Chinn, who was known for photographing the streets of San Francisco's Chinatown and of Paris, said that the "quiet mind" was responsible for much of his success in capturing people and other moving events. He said that one of his mentors and a guest lecturer at the California School of Fine Arts, Imogen Cunningham, had made herself available for photo walks during photography school. When White came to the right place in the curriculum, Cunningham took the students out for one- or two-hour walks to show them what they would have missed—and they missed a lot at first—but as their seeing strengthened over time, their images improved, and they missed less and less.
This is the art of seeing in photography, pirouetting in dance or leaping in high-jump competition. It's the main event in any endeavor where results improve with concentration. Photographers who are in a heightened space for seeing don't miss anything in any direction. Furthermore, the mystical mind can lead not only to a transcendent awareness of nature, but of our own connection to it, which then becomes evident in our art. "In my opinion," Zrnich said, "any art that moves people has to have a spiritual dimension. The process is about getting out of my own way and quieting the ego."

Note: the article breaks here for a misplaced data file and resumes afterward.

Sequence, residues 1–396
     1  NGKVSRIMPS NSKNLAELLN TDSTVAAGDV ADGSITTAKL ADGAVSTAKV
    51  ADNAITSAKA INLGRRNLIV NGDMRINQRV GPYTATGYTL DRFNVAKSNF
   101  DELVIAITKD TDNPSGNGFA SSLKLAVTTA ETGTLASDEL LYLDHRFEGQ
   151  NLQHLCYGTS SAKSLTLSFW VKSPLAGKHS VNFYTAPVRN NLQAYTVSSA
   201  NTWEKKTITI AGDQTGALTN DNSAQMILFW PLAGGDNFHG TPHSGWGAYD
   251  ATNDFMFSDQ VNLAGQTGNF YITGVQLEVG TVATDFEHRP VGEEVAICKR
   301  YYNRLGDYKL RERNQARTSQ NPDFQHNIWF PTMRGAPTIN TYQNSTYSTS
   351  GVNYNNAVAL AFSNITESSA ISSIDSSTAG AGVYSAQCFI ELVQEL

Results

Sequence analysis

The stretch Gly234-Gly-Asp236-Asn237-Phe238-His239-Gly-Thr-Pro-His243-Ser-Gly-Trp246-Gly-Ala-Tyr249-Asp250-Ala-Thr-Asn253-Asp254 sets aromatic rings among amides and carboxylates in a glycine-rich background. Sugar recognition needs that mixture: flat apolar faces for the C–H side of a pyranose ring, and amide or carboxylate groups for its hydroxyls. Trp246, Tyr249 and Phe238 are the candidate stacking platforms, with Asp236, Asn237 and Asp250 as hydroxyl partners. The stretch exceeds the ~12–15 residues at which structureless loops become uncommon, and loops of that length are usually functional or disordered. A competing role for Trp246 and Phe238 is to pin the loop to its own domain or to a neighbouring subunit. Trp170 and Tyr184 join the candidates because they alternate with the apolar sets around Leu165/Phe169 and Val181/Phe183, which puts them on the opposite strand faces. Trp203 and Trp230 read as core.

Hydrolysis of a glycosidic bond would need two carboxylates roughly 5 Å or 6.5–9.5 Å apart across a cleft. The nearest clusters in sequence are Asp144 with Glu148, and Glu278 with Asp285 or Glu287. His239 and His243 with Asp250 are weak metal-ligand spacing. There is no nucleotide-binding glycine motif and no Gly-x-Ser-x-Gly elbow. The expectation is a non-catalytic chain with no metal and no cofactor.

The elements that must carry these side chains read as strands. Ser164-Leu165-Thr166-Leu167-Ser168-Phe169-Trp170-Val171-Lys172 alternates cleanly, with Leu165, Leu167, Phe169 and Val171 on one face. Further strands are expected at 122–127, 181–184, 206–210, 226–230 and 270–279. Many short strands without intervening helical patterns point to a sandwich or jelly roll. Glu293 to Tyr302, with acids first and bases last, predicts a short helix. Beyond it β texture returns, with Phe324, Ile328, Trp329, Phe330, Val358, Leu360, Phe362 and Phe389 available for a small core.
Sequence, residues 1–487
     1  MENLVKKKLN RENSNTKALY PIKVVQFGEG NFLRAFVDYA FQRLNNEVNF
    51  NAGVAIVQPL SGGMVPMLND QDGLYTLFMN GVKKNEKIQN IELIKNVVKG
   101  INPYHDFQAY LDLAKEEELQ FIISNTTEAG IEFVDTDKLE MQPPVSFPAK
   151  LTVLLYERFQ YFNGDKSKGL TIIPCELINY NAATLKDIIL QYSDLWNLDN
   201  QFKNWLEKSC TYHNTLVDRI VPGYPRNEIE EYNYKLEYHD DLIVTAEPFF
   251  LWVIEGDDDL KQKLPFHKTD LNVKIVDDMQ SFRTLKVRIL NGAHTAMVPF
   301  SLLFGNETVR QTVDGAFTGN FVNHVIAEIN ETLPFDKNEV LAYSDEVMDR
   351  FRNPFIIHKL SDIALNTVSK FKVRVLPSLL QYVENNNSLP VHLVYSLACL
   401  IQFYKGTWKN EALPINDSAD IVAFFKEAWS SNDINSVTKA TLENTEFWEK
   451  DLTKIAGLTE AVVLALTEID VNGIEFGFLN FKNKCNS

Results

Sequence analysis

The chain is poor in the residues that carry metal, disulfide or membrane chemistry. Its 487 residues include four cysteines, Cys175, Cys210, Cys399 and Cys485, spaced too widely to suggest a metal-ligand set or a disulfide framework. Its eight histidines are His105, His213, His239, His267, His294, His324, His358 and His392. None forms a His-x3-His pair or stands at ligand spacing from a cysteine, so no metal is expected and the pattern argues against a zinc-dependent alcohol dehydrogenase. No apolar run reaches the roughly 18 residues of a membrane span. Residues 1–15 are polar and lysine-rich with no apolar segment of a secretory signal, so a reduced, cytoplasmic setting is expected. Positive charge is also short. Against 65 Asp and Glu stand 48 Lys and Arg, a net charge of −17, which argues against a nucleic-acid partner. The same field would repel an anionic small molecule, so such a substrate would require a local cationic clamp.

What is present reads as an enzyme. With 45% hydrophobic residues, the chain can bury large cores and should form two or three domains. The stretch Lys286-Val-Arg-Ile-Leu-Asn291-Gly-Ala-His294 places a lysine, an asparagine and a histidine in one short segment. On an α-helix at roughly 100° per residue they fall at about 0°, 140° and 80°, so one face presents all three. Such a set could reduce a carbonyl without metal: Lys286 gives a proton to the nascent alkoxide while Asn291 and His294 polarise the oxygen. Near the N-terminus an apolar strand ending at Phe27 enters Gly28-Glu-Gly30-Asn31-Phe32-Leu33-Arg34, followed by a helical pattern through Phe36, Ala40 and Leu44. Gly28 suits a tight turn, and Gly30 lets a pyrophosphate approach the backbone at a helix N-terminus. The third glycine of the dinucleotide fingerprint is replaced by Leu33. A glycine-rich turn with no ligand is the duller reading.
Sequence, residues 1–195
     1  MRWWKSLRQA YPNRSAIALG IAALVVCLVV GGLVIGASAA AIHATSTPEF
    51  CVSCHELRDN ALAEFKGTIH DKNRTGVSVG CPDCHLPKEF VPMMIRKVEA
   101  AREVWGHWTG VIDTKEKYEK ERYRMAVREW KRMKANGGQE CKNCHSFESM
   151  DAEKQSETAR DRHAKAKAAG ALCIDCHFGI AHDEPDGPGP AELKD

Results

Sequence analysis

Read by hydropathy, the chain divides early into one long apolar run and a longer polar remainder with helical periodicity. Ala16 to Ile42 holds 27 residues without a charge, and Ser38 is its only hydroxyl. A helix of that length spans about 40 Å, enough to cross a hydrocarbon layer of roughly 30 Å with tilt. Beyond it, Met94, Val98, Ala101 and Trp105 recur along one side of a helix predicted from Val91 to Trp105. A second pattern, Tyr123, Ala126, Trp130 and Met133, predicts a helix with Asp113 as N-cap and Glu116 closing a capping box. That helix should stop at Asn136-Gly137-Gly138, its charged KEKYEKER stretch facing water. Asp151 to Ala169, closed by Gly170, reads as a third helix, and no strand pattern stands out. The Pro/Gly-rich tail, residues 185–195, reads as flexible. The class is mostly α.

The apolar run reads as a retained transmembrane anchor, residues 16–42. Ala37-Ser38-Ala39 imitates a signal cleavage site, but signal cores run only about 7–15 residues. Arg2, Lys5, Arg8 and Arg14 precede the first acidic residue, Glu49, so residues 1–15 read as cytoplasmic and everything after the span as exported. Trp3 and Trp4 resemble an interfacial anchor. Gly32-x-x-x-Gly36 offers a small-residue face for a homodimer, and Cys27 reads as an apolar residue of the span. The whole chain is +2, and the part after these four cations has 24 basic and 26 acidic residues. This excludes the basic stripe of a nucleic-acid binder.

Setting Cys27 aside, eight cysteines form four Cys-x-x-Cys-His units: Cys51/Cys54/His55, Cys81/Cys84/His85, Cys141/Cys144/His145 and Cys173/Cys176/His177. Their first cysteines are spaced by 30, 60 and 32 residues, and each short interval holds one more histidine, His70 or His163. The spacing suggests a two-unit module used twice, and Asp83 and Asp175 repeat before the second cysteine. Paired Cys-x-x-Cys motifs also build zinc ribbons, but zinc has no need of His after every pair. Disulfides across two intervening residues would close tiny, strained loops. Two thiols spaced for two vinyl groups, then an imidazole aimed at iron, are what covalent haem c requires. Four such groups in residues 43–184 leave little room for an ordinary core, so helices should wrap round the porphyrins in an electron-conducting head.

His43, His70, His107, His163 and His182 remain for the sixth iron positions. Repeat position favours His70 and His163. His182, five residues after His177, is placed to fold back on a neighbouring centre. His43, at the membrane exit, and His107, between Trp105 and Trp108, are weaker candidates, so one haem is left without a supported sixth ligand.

Ardis, David and Philip Hyde in Waterpocket Fold, Capitol Reef National Park, Utah, 1970. David, age 5, with an old camera. Philip gave David a working Pentax K1000 five years later when David was age 10. David was active off and on, sometimes going whole decades without making a photograph, until 2009 when he bought a Nikon D90 DSLR. Drawn in by the ease of making good images digitally, in the last four years, David has made over 30,000 exposures of landscapes, streets, people, architecture and wildlife.